We are still alive out here on the Tiny Texas Farm. I figure we should let you know in case you wondered if we survived the holidays and the big Texas Snowpocalypse.
It snowed more than 8 inches here twice this winter. There were drifts of snow over a foot in some places on the farm. It nearly caved in the greenhouse roof. We managed not to have any pipes bust, but we were down to ONE toilet, one sink (hot water only – when the electricity was on), and about 35 degrees inside the house. We gave up after running the generator to keep barely warm enough to sleep. Power was on and off, off and on. We ended up staying with friends for a week and driving home to water cows every day with five gallon buckets and a hose to fill them from the kitchen sink. Thank the Lord for baby cows or we would have had a dried up milk cow on our hands. There was no way we could run our milking machine without outside water to clean it, so she stepped in and did the milking for us.
I’ve thought about blogging and even started a few drafts between Thanksgiving and now, but I’ve been moving more away from digital life with every day that passes, it seems. I even called AT&T today to ask if I could get my 1990’s pager re-activated. They laughed at me, but hey, it was a nice try. I feel like there are six-zillion notifications from every news channel on the planet because the world is just MOVING TOO FAST. I thought living in the country would buffer me from some insanity, but with smart phones, the crazy seems to find you anywhere these days.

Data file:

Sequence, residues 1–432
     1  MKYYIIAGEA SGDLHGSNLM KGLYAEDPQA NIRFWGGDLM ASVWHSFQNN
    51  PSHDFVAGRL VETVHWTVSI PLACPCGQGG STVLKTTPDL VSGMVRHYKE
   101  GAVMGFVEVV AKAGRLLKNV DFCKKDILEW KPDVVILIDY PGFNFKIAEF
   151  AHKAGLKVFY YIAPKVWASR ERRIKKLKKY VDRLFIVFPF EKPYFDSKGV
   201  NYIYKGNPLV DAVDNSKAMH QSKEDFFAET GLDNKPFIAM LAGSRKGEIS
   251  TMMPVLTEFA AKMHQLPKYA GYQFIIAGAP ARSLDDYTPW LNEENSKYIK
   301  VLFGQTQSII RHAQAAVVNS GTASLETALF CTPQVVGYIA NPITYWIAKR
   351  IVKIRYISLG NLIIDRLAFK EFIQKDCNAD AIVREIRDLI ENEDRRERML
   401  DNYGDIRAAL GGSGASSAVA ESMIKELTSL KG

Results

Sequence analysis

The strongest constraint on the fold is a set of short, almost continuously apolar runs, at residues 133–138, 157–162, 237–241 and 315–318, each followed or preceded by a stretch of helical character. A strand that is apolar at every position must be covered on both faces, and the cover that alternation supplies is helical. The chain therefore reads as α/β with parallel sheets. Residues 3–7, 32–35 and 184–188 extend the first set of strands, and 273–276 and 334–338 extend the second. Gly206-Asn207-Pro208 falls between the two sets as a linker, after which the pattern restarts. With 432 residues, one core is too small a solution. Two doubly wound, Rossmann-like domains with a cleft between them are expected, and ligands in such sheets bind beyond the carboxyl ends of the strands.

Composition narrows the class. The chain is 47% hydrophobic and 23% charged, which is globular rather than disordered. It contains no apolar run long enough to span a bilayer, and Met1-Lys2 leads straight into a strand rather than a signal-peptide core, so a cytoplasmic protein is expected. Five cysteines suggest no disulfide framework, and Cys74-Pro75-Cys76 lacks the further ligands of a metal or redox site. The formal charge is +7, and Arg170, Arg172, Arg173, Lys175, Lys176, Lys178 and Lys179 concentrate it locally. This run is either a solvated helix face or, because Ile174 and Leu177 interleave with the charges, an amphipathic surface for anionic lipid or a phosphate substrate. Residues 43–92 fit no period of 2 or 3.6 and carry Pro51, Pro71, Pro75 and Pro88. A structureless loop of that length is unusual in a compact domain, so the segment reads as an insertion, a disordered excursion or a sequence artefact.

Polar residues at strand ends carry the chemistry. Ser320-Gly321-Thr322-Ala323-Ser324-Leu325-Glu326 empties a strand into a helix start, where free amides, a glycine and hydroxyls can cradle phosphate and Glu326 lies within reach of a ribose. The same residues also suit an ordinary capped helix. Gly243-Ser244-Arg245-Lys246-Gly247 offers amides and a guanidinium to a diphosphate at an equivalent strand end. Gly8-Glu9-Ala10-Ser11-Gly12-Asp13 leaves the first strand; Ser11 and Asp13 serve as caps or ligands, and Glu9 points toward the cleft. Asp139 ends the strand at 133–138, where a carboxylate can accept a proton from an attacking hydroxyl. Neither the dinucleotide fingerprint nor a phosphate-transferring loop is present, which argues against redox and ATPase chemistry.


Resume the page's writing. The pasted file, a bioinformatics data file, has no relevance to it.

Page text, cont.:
To avoid thinking about reality, I’ve been butchering roosters and wondering where my truck load of garden compost will come from.
I’m not beyond building my own pen for the chickens if Farmer Kev hasn’t figured out how to get the gates welded and the 6-foot-tall, chicken-wire pasture enclosure done in a week or so.
I’m at the END OF MY CHICKEN ROPE, people.
The chickens have turned my beautiful farm landscaping into a poopy moon crater-scape. The plants that survived the blizzard of 2021 and didn’t turn black and melt have all been either eaten or otherwise pulled up and mutilated by my feathered destroyers.
If they didn’t lay eggs, I would have butchered all of them.
All those instagram feeds full of sunshiny pictures with flowers and happy hens in the sunshine… long pretty garden rows and green grass in the background… perfectly clean, white chicken coops? THEY AREN’T REAL. Those are FIRST-DAY chicken owners. They only own one chicken. Maybe they just borrowed a chicken. Heck, the chicken may even be stuffed. It’s all a deep fake.
I know the truth. I have the truth stuck to the bottom of every single pair of shoes I own. I live on a REAL chicken farm; a farm full of chicken poop and dirt bath craters. It’s not cute or “pinteresty”.
Other ways to help keep from going crazy as you await March 10th and Abbott’s mask mandate lifting or the incarceration of forty-five chickens who are systematically razing the farm like starving goats? Doing your taxes. Fun, right?!!